Over the Thanksgiving holiday, conservative blog Redstate featured not one but two stories on their front page calling out Mitt Romney as unelectable in the general election. What is most surprising is that along with the usual accusations of Romney being a fake conservative, these posts added a new line of attack into the mix: Romney is too closely associated with big money.
As the diarist writes:
The above photo features a younger Mitt Romney (in the center, naturally) when he was part of Bain Capital. Get used to seeing it. It will be on busses and billboards across the nation if Romney wins the nomination. And it will be the image people take into the voting booth on Election Day.
And later in the comments:
Romney is caught between a rock (his political career) and a hard place (his bankster career) .. and cannot successfully argue his way out of either. He’s literally the worst positioned candidate for this.
The fact that a conservative blog would reach this conclusion is interesting, and a sign of just how much Occupy Wall Street has already changed the national conversation. However, the diarist actually makes an interesting point. So far, the attacks on Romney have focused on the low-hanging fruit - i.e., Romney's shameless flip flopping on virtually every issue. In a Bloomberg article, establishment pundit Ramesh Ponnuru argued that the real campaign against Romney would focus on his right-wing views. But in fact, the "sleeper" Bain Capital line of attack has the potential to be much more devastating to Romney than either of those.
I didn't realize how devastating until leafing through Josh Kosman's book The Buyout of America: How Private Equity Will Cause the Next Great Credit Crisis. There is an entire chapter on Mitt Romney and Bain Capital. Kosman describes in detail how Bain and Romney bought up troubled companies, slashed budgets and pensions, and then used the savings to pay huge dividends to themselves, often leaving the company for dead.
“Bain Capital had a business model that was intended to essentially transfer wealth from its holdings to itself,” said current Ampad chief executive Don Meltzer, who was not involved with the business in 1995. “... [They did this] instead of building the wealth of the company that they owned and extracting gains through selling the company.”
Contrary to the selling of Romney as a "turnaround artist," many of Bain's actions were not intended to right their properties over the long term. For instance, after acquiring medical equipment maker Dade Behring, Bain slashed its research and development budget:
While lab-equipment manufacturers typically allocate between 10 percent and 15 percent of sales to R & D, Dade was spending only 6 percent to 7 percent—$61.7 million in 1997 and $88.2 million in 1998. For Bain the anemic R & D budget made sense. Often one sells medical equipment in three- to five-year deals—and Bain, like all private-equity firms, tries to exit businesses within five years. There was little upside three years into its investment to investing for the future because Bain was not planning to be part of it.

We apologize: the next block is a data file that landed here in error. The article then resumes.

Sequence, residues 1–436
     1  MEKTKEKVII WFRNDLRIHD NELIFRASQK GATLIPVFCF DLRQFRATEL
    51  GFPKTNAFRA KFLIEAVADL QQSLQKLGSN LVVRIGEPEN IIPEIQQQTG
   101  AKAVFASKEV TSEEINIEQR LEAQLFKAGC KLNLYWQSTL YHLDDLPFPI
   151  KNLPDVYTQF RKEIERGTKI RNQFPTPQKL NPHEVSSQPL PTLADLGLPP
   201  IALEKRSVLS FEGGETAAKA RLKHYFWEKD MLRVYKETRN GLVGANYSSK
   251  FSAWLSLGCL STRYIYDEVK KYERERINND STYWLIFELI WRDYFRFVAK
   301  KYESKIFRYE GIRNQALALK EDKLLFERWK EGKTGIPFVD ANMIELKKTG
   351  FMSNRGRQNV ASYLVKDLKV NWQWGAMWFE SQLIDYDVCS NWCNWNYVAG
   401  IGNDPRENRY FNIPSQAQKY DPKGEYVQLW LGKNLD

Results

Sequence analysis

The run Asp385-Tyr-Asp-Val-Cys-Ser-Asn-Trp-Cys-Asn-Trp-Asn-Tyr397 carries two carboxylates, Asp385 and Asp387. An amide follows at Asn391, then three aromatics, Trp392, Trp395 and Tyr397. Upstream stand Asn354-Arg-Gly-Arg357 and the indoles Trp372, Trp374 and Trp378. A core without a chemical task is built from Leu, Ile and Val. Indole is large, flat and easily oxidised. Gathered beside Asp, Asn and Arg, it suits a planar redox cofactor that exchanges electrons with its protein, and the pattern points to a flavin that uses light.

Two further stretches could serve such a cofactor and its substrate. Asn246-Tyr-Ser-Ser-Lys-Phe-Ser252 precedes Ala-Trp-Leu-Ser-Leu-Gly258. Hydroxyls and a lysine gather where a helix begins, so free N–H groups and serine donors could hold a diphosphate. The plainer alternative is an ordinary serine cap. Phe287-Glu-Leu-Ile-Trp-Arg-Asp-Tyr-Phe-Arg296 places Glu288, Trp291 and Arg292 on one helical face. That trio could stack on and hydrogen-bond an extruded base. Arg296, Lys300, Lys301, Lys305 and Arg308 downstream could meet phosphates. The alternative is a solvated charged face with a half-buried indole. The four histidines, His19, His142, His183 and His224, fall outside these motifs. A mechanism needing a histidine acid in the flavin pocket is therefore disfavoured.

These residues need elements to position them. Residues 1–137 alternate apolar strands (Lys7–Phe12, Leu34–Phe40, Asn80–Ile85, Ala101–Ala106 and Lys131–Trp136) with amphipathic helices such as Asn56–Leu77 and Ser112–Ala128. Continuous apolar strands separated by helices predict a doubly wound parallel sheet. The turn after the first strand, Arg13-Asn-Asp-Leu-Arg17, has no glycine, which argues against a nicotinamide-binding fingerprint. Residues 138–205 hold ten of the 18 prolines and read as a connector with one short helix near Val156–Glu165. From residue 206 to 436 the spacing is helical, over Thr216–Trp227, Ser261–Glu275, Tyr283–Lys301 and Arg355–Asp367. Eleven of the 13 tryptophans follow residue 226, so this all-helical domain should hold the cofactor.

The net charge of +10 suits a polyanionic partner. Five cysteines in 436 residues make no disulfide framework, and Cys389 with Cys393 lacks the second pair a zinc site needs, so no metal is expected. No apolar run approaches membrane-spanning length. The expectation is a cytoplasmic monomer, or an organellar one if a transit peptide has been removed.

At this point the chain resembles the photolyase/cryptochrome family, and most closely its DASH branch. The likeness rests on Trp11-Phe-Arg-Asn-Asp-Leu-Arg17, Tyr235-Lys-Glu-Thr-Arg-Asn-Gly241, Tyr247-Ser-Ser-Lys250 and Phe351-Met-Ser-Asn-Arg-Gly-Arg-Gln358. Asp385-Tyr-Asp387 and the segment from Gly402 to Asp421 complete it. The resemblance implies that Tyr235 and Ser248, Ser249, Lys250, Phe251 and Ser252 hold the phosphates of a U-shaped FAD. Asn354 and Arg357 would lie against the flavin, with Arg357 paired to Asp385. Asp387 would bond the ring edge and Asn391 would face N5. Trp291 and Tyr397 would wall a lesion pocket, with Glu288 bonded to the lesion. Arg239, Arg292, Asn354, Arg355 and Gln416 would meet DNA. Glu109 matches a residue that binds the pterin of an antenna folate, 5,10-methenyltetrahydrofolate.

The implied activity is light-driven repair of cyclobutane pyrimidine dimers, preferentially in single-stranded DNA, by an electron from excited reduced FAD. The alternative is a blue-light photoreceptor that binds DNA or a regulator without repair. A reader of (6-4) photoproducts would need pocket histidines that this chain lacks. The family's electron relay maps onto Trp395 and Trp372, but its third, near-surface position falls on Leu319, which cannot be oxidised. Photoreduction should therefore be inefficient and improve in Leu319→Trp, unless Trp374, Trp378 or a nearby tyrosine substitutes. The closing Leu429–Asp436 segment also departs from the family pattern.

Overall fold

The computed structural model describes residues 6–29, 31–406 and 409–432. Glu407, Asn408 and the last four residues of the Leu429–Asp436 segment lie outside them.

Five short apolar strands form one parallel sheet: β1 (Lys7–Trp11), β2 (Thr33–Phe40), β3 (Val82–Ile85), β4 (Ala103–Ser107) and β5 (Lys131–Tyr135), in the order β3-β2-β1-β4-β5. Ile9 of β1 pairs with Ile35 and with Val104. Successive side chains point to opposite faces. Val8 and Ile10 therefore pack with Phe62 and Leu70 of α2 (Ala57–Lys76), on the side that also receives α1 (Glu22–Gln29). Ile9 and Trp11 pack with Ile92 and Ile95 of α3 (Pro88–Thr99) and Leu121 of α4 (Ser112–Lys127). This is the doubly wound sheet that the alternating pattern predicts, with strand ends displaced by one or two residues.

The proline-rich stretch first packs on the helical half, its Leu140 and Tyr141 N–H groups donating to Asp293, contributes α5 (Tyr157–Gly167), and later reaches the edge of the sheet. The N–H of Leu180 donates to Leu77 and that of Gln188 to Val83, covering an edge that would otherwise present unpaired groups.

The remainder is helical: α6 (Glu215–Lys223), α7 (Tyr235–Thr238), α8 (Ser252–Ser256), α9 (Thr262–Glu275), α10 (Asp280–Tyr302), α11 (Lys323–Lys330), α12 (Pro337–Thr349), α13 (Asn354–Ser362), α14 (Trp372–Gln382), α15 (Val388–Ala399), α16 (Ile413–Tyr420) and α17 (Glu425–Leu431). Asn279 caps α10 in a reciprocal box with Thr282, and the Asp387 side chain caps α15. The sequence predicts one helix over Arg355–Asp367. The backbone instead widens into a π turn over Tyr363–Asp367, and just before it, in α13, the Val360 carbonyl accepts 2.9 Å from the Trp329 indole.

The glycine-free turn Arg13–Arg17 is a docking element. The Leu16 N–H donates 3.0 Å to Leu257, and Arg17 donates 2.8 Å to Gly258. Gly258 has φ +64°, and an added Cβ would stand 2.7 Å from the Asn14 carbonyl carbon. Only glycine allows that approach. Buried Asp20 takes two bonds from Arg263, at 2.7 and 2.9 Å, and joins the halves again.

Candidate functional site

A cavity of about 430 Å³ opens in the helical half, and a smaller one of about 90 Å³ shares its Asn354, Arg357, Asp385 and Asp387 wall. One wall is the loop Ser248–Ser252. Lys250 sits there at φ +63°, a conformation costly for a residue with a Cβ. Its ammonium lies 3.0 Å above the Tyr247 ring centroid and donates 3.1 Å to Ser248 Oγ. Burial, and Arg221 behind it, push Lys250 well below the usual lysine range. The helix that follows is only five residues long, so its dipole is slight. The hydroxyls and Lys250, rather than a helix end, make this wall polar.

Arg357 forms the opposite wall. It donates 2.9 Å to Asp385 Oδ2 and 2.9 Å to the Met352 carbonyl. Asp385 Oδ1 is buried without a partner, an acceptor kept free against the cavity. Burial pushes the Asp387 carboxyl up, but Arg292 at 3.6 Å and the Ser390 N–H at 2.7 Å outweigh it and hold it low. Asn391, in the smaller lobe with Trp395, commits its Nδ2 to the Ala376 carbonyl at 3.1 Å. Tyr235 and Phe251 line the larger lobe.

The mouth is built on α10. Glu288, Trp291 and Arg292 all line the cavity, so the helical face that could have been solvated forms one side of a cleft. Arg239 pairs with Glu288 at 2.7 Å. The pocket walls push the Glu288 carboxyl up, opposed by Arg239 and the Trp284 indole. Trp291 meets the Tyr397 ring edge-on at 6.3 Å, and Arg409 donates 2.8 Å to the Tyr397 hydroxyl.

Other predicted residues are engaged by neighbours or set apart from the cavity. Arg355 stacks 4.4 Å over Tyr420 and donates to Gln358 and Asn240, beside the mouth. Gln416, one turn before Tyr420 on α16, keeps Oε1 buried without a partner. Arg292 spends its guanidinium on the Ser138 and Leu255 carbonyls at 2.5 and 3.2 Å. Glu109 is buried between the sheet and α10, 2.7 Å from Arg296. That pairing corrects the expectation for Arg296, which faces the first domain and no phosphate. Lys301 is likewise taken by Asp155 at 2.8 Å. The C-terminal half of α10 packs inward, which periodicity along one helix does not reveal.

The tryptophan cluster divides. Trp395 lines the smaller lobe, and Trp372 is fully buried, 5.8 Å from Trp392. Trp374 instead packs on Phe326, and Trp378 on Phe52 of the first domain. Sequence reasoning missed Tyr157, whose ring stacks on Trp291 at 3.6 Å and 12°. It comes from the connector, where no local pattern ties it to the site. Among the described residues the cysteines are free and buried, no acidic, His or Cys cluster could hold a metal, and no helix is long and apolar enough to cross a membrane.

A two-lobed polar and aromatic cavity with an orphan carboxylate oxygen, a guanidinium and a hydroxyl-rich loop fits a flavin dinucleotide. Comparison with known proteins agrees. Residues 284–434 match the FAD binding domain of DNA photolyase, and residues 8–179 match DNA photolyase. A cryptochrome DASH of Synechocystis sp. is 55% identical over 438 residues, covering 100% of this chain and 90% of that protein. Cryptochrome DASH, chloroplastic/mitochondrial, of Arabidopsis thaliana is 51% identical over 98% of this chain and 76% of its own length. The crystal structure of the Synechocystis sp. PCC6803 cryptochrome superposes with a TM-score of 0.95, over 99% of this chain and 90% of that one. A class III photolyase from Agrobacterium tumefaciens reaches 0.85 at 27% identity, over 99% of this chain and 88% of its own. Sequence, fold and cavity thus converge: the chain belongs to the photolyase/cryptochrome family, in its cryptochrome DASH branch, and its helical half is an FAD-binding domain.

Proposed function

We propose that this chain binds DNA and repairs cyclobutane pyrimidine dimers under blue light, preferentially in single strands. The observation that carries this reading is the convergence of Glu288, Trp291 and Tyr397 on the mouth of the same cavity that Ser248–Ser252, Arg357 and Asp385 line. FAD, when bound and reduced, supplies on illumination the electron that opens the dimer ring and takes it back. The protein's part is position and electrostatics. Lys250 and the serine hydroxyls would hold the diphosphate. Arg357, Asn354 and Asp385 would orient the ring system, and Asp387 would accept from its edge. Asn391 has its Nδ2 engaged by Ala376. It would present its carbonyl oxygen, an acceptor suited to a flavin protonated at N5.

As for the employees:
The company froze their pensions and converted them from a defined-benefit plan, in which employees upon retiring were entitled to 75 percent of the average of their combined salary in their last three working years, to a cash-balance plan, in which they would get a lump sum equal to what they were owed in 1999.
The same month that Dade converted the pension, it used the projections of that very savings as part of the basis to borrow $421 million, which it then turned around and used to buy shares from its owners... Bain and Goldman had only put $85 million down to buy the company, yet in June 1999 they received $365 million from the dividend, 4.3 times their money.
Dade borrowed so much to make this payment that its debt more than doubled to $871 million (68 percent of sales.) Standard & Poor’s lowered Dade’s credit rating from the BB to B category, believing it likely that the company with the added debt would be unable to pay its interest if it faced adverse business conditions.
In other words, conservatives are right to be nervous about Romney's Bain Capital ties. There's a huge amount of material there (the quotes above barely scratch the surface), if Democrats are able to distill it down effectively for the voting public. Ted Kennedy's unused ads from 1994 took a similar line of attack.
On the flipside, it's interesting, in light of his background, that the GOP establishment is so determined to make Romney the next President. At a time when conservatives will no doubt be claiming a mandate for "deficit reduction" and "entitlement reform," the perception of Romney as a milquetoast, flip-flopping conservative seems to me to miss the point entirely. Instead, he's exactly the guy for the job of dismantling the federal government and selling it off to the highest bidder.